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Author Topic: Part-time programs  (Read 379 times)

atxnaeem

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Part-time programs
« on: April 25, 2005, 09:12:24 AM »
How hard are part time programs at schools like University of Houston Law Center?  Also, how hard is it to get a job afterwards?  Can you still have a "life" while attending school and going to work - this is a major concern for me as PT programs tend to take 4 years.
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jdw112

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Re: Part-time programs
« Reply #1 on: April 25, 2005, 09:18:35 AM »
When it comes to having a life, you know how how many hours you work a week. Take a look at the class hours requirements for part time programs. Imagine having to fit in studying for these classes during the hours you are not working and not in class. Depending on how well you want to do, and your natural abilities, this can change. Factor in sleep and commuting (if necessary). What picture do you see? I am not saying you won't have a life, but you have to realistic about the situation if you decide to undertake it.

How hard are part time programs at schools like University of Houston Law Center?  Also, how hard is it to get a job afterwards?  Can you still have a "life" while attending school and going to work - this is a major concern for me as PT programs tend to take 4 years.

princesssnadia

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Re: Part-time programs
« Reply #2 on: April 25, 2005, 10:35:36 AM »
I was admitted into UH PT, but if I end up going, I plan to switch to FT after 1 yrs so I can finish in 3 yrs. I think working full time and going to school will be very hard, you will have little life left after school and work.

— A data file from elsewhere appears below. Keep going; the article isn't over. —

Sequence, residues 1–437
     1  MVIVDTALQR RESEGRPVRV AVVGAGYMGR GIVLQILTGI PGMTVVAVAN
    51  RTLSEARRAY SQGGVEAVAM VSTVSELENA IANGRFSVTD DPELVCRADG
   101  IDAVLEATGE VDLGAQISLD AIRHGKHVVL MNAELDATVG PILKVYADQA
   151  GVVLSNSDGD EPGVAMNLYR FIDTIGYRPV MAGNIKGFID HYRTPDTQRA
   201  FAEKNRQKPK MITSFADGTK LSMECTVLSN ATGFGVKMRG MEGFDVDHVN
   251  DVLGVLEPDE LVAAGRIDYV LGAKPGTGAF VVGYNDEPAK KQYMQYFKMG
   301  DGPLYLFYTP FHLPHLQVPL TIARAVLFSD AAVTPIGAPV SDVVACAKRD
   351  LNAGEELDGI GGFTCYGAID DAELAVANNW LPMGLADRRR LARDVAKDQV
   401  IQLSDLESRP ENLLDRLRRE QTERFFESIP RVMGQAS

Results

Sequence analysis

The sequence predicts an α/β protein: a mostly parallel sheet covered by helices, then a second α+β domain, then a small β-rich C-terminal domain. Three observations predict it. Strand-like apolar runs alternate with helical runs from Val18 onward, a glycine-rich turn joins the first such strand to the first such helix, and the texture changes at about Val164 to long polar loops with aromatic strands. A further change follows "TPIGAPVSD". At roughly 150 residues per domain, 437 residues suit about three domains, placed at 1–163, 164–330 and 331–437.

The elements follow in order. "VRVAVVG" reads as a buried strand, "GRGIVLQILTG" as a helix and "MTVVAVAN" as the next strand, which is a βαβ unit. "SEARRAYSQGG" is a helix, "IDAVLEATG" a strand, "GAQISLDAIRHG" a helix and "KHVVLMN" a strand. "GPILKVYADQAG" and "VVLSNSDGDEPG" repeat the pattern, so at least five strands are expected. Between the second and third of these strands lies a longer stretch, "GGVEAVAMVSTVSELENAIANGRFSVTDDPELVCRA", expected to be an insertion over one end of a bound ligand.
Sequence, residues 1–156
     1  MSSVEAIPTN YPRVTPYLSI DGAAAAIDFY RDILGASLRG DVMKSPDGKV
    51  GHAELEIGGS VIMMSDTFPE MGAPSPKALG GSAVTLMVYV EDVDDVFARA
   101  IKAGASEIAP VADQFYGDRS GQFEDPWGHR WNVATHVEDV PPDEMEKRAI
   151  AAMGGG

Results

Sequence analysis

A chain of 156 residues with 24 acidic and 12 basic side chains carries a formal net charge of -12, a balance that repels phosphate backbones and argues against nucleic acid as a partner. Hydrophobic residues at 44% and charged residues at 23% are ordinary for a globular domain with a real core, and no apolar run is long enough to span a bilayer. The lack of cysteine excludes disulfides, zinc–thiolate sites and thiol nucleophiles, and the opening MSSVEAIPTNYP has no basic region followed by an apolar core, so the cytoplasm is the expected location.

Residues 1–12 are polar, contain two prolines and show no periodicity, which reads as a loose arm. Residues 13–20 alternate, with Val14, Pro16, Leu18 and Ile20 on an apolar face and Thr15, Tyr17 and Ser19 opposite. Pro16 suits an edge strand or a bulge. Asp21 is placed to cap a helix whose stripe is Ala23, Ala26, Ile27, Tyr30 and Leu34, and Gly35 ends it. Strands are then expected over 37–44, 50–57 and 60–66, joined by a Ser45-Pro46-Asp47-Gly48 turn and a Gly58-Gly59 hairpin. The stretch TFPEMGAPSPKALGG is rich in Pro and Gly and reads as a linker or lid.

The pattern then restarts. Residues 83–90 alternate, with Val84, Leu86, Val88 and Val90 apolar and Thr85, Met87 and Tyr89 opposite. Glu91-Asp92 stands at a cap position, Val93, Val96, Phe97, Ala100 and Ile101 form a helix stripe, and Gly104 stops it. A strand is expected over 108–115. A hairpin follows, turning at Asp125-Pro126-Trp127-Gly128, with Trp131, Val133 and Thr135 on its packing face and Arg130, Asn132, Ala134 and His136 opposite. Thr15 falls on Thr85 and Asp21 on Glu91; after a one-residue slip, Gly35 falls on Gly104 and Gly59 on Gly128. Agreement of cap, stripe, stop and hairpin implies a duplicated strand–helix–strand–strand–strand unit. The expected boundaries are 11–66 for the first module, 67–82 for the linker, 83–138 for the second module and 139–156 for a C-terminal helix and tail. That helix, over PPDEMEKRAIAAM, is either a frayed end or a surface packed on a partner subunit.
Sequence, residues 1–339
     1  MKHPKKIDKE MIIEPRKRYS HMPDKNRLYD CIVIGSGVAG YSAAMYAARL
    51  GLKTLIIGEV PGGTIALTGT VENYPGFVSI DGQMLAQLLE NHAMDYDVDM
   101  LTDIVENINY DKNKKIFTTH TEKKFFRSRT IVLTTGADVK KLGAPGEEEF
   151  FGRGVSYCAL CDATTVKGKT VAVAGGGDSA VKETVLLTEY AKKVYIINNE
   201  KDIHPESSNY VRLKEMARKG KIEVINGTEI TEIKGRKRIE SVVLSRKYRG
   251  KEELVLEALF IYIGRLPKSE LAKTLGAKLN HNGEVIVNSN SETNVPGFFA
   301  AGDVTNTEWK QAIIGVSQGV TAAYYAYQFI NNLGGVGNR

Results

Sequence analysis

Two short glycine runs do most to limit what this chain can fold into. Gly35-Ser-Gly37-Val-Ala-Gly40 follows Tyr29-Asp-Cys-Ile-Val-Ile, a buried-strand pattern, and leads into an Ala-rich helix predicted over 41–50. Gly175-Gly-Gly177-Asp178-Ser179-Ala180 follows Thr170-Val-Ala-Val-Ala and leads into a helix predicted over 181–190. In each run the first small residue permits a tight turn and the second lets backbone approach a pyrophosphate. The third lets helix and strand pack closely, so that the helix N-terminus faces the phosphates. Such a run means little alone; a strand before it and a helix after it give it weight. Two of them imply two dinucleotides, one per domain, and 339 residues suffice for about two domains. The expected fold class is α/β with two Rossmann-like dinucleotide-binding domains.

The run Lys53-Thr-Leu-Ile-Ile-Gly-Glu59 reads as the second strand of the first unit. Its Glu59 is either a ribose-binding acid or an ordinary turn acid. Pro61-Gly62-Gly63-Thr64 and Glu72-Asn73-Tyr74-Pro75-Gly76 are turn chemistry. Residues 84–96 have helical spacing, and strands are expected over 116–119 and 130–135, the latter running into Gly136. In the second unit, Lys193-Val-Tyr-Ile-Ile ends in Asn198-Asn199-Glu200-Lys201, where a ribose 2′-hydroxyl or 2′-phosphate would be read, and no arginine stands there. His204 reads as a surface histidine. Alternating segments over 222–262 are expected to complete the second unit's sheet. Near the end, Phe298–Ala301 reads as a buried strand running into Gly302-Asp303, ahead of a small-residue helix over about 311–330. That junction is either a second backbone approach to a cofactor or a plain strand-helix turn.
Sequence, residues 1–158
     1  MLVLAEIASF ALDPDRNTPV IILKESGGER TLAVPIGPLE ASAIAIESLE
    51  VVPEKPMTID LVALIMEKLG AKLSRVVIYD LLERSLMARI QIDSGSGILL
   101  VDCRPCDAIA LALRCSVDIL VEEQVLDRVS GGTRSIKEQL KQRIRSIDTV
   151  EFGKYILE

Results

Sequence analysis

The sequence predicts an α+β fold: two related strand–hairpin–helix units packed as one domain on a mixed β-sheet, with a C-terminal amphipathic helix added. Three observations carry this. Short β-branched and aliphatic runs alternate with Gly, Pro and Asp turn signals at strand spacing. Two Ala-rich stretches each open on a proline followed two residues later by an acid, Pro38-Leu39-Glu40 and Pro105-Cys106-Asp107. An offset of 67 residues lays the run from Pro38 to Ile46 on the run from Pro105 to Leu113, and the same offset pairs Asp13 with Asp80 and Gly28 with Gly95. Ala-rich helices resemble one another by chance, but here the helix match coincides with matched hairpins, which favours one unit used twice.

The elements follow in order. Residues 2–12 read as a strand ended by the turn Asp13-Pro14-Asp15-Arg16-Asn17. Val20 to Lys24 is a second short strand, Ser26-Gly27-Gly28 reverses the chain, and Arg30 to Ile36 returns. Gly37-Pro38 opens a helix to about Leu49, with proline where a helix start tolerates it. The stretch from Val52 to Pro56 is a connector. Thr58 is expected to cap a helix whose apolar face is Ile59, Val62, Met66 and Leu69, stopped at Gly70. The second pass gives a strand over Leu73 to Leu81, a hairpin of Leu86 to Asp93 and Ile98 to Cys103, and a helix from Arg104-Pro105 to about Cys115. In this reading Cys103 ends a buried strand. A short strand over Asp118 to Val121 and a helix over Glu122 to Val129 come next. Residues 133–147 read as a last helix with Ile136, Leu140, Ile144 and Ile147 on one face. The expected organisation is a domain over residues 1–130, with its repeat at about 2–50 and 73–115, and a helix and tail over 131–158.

zaphod

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Re: Part-time programs
« Reply #3 on: April 25, 2005, 06:43:20 PM »
I will be attending the Houston law center part-time this year as well.  I work full-time and Iíve been trying to figure out the answers to some of the same questions.  From what Iíve gathered from current part-time students there, the majority of students switch over to full-time some time before they graduate. The main reason for this being that a 3L summer internship is pretty much a pre-requisite to find a good job when you graduate.  So, unless your employer is nice enough to let you take an entire summer off for the internship, the only option is to quit your current job.  Also, for students like me, who work in a field thatís worlds apart from the legal one, I guess it makes sense to snuff out the old career as soon as you begin to feel at home with law school and begin to focus on what lies ahead.   There seems to be a smaller percentage of students who do graduate part-time, but they seem to be ones who already are working at law firms, and have guaranteed jobs there upon graduation.   So, the other option is to switch your full-time job over to a potential future employer, and continue law school part-time, in which case you would indeed graduate with much more work experience than students who went to school full-time.  Either way, I donít see why employment opportunities would be any less than those for people starting out full-time, all other things being equal.

As for having a life, I have resigned to the fact that I wonít really have much of it left once I start going to school part-time.  Its seems to be an accepted fact, that in order to do well, you need to put in 2-3 hours out of class for every hour in class.   From the mandated first year schedule at UH, it seems that IL part-timers would be taking anywhere between 6-10 hours of course work.  Thatís anywhere between 12 and 30 hours outside the class, depending of course, on your abilities.  That should pretty much take care of most of your social life and some of your sleep time as well.  Now, if you could cut down on your work hours, I imagine part-time law school could be a bit less miserable.


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